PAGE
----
Surviving Israeli mortgage hell: a checklist.

Buying your first home in Israel? Welcome to Israeli mortgage hell! (As opposed to anywhere-else-mortgage hell).

Here are some points about the process that might be helpful to you if you’re going through it now too. Note that we bought our apartment from our landlady, so there was no issue of real estate agency, moving dates, or handing over keys. I’ve heard each of those things can be their own personal hell. I guess somewhere there’s a homeowners’ angel watching over us.

So here’s what we learned from buying our property in Tzur Hadassah:

  • From the beginning of the purchase negotiation, check (and double-check) that the seller’s name is actually on the Tabu document (land registry) and not the seller before them. That could take months to change if needed (and in so many cases, it is needed).
  • While you are at it, check that the seller’s correct teudat zehut digits were put on the Tabu.
  • Pay a little more to have a really good lawyer. Who speaks your mother tongue. By really good, I mean assertive, persistent, responsible and communicative.
  • Also, make sure you get a good bank mortgage representative. Ours has been a complete doll, even when the bank itself was dicking us around. It helps that she turned out to be a neighbor of ours.
  • Keep all your papers and documents in a secure folder, and take it with you every time you go into an office to deal with something.
  • Have copies ready of everything.
  • Structure insurance: Have the policy document ready in Hebrew. The bank won’t accept it in English and it can actually hold up your process.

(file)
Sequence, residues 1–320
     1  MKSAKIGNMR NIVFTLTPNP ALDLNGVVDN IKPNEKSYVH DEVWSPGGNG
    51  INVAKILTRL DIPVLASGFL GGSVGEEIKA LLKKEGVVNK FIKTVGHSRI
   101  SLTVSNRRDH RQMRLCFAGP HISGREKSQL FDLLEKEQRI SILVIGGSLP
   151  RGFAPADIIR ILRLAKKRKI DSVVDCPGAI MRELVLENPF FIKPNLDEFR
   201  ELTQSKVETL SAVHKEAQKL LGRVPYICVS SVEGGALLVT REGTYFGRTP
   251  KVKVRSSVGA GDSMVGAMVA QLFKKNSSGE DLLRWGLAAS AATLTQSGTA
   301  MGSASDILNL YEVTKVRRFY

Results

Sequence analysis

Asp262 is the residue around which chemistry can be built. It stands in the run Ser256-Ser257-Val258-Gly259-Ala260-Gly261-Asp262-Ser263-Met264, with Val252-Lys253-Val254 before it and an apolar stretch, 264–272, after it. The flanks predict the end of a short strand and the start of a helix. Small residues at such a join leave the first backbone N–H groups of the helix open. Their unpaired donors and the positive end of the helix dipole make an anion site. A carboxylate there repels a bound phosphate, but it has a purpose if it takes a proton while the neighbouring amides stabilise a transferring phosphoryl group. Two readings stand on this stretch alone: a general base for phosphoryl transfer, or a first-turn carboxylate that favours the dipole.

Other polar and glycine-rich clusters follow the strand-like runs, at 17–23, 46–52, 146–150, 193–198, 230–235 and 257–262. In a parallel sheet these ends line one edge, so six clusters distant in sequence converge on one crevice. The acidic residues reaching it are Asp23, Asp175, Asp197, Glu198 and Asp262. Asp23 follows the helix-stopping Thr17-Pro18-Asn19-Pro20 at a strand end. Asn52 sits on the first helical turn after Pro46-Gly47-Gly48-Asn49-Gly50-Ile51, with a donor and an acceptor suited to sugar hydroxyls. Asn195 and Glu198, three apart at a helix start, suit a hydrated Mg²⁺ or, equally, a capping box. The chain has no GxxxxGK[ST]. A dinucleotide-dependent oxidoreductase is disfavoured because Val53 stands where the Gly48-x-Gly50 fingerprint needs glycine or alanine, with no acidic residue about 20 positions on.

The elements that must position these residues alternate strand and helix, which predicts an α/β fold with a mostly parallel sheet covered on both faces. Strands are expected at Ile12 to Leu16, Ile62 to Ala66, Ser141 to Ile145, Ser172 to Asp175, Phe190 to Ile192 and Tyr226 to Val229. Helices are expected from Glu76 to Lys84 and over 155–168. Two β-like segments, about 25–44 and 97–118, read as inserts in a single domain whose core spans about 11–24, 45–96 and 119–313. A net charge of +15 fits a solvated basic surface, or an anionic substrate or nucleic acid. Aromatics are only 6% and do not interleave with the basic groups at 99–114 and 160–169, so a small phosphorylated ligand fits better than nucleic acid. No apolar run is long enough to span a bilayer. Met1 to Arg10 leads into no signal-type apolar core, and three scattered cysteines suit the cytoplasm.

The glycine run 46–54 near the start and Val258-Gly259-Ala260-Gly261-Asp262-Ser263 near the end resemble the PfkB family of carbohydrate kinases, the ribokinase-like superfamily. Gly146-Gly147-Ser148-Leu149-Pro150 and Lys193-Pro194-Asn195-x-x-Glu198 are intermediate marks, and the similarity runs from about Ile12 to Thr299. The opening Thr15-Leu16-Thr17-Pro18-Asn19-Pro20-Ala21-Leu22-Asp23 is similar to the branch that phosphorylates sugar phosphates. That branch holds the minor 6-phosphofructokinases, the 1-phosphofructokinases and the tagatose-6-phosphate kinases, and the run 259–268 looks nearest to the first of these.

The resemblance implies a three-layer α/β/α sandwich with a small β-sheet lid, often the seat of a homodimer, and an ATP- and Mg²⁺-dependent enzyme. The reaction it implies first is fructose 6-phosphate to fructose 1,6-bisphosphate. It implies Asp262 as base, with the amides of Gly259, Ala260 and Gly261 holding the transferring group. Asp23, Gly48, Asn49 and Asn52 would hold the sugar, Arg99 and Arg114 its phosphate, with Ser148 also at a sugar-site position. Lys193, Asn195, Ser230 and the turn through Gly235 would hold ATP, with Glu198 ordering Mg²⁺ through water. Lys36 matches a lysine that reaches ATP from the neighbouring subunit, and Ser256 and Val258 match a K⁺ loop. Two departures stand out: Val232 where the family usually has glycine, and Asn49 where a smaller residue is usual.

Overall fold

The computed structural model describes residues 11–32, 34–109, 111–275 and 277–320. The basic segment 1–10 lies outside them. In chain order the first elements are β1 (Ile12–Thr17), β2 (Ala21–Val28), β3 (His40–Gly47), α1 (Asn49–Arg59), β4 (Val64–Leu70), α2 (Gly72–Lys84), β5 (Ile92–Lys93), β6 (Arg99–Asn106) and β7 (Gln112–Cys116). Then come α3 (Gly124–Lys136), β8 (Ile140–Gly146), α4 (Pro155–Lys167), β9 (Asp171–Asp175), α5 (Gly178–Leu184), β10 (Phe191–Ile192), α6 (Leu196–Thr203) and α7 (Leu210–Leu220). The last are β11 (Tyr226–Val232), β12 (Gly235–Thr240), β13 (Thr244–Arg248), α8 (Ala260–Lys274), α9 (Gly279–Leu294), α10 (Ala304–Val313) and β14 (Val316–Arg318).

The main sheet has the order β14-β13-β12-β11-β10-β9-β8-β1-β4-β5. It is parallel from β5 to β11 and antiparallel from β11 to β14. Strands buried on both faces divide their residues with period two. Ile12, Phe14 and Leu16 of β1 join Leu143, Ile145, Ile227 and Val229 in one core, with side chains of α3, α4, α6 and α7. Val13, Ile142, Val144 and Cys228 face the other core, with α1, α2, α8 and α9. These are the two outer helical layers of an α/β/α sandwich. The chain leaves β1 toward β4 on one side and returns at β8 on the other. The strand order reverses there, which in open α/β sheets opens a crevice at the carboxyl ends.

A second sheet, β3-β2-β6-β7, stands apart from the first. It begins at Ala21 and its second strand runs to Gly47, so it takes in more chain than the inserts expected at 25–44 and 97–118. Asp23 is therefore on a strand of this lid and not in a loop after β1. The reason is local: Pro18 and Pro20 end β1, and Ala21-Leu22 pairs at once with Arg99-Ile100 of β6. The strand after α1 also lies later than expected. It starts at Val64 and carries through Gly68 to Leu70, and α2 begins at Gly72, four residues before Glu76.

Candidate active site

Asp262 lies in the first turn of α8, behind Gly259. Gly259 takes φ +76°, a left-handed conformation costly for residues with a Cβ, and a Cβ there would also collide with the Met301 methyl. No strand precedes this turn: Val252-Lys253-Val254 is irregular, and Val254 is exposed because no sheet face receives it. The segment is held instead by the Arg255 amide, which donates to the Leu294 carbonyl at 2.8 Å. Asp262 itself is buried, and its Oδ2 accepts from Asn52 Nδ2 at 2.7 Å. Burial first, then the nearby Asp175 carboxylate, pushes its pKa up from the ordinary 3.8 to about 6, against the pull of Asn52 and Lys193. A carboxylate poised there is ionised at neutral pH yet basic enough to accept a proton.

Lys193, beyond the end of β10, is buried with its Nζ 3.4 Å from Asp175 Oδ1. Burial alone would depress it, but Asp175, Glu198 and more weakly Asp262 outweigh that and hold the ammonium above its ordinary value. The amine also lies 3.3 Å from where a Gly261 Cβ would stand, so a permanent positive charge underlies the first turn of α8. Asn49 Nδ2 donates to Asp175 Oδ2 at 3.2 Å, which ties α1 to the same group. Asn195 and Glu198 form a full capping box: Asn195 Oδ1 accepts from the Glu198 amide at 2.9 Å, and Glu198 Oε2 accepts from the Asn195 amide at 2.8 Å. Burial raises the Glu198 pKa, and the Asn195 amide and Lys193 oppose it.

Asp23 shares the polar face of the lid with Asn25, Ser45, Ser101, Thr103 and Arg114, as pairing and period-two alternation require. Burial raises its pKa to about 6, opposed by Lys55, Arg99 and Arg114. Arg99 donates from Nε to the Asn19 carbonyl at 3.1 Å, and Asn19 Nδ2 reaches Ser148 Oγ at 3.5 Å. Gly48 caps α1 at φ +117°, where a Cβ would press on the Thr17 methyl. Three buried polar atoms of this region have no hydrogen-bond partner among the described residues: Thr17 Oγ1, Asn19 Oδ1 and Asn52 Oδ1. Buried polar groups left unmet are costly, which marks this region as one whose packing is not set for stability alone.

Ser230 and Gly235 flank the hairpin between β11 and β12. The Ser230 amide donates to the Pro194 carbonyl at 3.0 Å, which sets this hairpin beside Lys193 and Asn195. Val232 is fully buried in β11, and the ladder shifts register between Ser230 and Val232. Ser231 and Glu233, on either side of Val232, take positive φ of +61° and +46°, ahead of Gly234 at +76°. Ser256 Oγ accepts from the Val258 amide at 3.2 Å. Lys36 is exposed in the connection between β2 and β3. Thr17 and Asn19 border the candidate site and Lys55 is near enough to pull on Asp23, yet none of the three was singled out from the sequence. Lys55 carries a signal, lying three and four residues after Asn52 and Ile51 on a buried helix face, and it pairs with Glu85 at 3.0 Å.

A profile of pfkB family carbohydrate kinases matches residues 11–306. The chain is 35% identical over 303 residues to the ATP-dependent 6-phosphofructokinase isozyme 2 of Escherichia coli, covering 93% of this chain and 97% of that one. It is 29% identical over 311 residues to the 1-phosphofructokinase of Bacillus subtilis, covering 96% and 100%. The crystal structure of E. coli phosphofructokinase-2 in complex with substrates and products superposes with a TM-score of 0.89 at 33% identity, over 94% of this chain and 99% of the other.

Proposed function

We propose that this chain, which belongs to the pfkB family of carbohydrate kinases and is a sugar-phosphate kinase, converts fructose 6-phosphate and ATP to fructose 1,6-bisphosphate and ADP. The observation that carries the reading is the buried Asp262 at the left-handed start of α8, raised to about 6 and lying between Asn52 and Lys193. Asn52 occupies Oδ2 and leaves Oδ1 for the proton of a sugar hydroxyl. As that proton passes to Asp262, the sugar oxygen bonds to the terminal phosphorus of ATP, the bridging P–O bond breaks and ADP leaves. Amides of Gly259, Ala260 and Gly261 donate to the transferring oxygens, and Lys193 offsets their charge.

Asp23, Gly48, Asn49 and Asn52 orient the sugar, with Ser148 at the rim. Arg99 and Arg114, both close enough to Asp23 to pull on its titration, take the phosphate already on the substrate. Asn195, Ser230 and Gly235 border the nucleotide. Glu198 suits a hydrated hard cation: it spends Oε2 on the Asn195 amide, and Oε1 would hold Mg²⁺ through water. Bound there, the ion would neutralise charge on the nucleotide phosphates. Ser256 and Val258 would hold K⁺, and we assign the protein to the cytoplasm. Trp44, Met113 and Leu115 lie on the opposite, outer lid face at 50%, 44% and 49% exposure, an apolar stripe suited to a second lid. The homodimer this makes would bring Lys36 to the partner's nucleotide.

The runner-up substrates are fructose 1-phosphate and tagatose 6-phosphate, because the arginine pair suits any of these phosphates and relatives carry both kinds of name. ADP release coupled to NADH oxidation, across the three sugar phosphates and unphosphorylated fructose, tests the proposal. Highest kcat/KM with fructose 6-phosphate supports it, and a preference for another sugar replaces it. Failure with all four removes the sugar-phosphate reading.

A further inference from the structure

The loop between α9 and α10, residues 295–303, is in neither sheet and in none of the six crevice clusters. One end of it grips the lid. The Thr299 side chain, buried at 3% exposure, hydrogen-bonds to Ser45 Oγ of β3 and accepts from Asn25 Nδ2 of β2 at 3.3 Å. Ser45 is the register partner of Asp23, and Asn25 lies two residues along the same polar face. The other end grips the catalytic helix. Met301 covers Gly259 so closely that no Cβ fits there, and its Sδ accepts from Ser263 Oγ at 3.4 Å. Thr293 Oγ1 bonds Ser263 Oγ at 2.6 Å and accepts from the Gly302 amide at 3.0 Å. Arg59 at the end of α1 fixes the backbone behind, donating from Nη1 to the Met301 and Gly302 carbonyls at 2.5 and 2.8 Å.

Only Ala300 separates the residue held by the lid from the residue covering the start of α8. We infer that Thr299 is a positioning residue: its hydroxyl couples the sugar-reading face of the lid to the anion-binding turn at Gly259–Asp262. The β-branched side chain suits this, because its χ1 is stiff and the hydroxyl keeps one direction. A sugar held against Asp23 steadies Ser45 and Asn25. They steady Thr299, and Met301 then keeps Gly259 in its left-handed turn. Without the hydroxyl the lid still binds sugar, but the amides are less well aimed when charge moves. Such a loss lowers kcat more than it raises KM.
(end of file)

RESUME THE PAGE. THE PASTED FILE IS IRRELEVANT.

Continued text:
• Be persistent. And annoying. In this aliyah world, you get the immigrant discount: a deduction in the form of assumption you won’t get mad, push, or fight back.
  • If you are using the זכאות עולים, and you are pregnant, you’ll need a letter from your OB-GYN stating your pregnancy status, so the bank can include it in a submission to the government.
  • Have copies of your spouse’s teudat zehut with you on every bank visit if they are not accompanying you.
  • Include the cost of a lot of petrol for all the back and forth you’ll do. Alternatively, use a bank branch within walking distance of your workplace.
  • Take into consideration you’ll be spending a few hundred shekels here and there for things the bank will have you running around to get.
  • After agreeing to your bank you find they aren’t treating you right or are screwing you around (like ours did with us) go ahead – mention it to your rep, lodge a formal complaint, and ask for something. You never know what they can give you (and they are prepared with resources to do it with customers when necessary).
  • Don’t leave loose ends: Take care to make sure your name is changed on the Tabu papers once you own. You don’t want to cause trouble and waste time for when you sell your place down the line. Seems like people get excited when the first bank payments are finished and the place is officially theirs, and forget that one detail at the end.

Other than that, pray the sellers you are dealing with are decent people. Our seller was our landlady for three years who we totally connected with, so I’d say that was a major saving grace for us. Especially since she was located in the U.S. while we negotiated and processed.

If you’ve got anything to add, feel free to leave a comment… Like I said, we got lucky and didn’t have to deal with awfulness from our seller, handing over keys or moving, so go ahead and fill that in.

Israeli flag protekzia.

Someone is watching over us. Taking care that we do right by our adopted citizenhood.

And that someone… is our mortgage bank representative.

She happens to live in Tzur Hadassah, and her home happens to be located at the bottom of the hill our apartment overlooks. And now that she knows exactly where we live (and what our repayments are like) – well, she’s decided to take care of us. When she brought some papers home for us yesterday, she included a package of Israeli flags for us to hang on our mirpeset which overlooks the yishuv.

“I noticed you haven’t hung up any flags yet, so I thought you could use this!”

Finally, a bank that goes above and beyond…?

What it’s like to get a mortgage in Israel.